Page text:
If you’re here because you heard Jason Rennie’s interview with me in “Sci Phi Show Outcast #59,”1 (thank you, Jason) or my “7th Son Episode 17: The Story So Far” reading (thanks, Hutch!), you might still be wondering what’s going on here. Here it is, in a nutshell:
• Everything we do, say, or even think reflects our theology. I was taught this by a wise professor, and I firmly believe it. Why is it true? Because we’re whole creatures, not collections of separated components. We don’t compartmentalize our thinking, not completely (even though it seems we males compartmentalize our attention with embarrassing regularity). And our world-view — what we have decided about the universe around us — shapes everything else we think, even the way we see things. Call it our paradigm; call it our knowledge/opinion matrix; call it our philosophy; call it our theology … the words differ, but for this purpose they’re interchangeable. It’s how we answer the Big Questions in life.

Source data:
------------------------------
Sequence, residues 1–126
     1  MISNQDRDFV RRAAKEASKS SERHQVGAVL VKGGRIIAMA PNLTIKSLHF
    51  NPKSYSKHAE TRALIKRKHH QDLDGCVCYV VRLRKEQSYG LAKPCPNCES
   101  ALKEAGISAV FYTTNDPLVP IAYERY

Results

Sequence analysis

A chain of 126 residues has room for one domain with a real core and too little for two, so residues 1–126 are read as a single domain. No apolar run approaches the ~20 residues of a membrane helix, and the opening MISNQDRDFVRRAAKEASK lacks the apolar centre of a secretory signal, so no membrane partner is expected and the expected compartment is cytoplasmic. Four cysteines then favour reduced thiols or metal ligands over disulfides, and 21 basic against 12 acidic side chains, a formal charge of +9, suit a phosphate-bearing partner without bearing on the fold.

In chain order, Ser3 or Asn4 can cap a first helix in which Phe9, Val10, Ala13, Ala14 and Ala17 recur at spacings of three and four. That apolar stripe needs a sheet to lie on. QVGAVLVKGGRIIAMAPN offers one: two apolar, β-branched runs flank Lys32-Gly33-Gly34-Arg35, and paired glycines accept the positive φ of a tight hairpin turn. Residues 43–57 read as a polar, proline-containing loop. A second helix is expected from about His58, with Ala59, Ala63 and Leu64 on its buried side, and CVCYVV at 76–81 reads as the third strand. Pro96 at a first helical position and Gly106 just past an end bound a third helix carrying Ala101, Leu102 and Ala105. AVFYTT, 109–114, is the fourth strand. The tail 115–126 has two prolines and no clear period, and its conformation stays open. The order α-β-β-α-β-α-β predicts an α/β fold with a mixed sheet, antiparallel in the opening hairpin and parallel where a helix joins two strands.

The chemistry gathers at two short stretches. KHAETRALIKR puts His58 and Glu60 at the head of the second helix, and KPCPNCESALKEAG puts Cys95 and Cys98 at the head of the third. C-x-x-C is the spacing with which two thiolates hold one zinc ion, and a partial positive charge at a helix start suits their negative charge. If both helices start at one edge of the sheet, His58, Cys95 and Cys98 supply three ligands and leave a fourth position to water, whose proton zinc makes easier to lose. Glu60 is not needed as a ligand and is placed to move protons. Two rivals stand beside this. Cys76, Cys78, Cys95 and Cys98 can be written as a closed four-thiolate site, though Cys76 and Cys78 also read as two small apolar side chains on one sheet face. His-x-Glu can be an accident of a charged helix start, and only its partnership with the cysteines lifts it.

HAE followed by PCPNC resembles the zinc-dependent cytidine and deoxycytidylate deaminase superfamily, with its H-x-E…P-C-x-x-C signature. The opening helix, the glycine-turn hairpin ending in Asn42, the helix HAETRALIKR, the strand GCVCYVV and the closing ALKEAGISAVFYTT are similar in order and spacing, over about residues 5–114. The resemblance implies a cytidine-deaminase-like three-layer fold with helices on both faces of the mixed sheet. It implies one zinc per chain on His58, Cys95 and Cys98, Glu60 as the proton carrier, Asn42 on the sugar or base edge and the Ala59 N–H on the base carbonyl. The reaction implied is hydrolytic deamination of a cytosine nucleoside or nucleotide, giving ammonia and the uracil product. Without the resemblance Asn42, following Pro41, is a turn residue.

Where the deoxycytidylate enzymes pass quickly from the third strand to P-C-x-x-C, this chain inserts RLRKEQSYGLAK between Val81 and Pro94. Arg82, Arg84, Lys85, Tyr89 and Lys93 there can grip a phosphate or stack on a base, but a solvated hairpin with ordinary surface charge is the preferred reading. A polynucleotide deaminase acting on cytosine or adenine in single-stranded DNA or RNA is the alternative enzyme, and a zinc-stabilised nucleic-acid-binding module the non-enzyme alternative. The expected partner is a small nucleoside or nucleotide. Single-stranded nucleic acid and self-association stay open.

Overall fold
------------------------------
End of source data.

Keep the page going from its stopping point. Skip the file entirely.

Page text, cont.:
• This includes the stories we tell. Yes, they’re “made up.” Nonetheless, good stories have guiding points, and ours come from our theology. Including those written by atheists: my book Harlan Ellison: Secular Theologian (any publishers out there interested?) discusses the American “modern gods” to which Ellison gave substance in his collection Deathbird Stories, plus a few others, and the real theological soil from which these metaphorical “gods” emerge.
With that in mind, you may wish to check out these articles, and please feel free to leave comments:
- Why Story is important to life; why SFF is important to theology
- The Soul of the 7th Son: Aleph; Beth; Gimel
- 7th Son Sidebar: The Soul of the Palimpsest
- Naturalistic Evolution vs. Intelligent Design: Paradigm Smackdown!
- Serenity and faith
- One universe. One GL Corps. One ethics? One could wish.
- On meaning
Thank you, and please enjoy your visit.
- Two errata in that interview, if I may:
(a) Evidently I had a Star Wars flashback moment when I identified Mal Reynolds of Firefly with the “Rebel Alliance” (still can’t believe I did that). We’re Browncoats and durned proud of it.
(b) The story by Elisabeth Waters and me had “An Army Marches” as its working title, but it’s now published as “Crosswort Puzzle.” It’s in Sword and Sorceress XXII, not XX. [↩]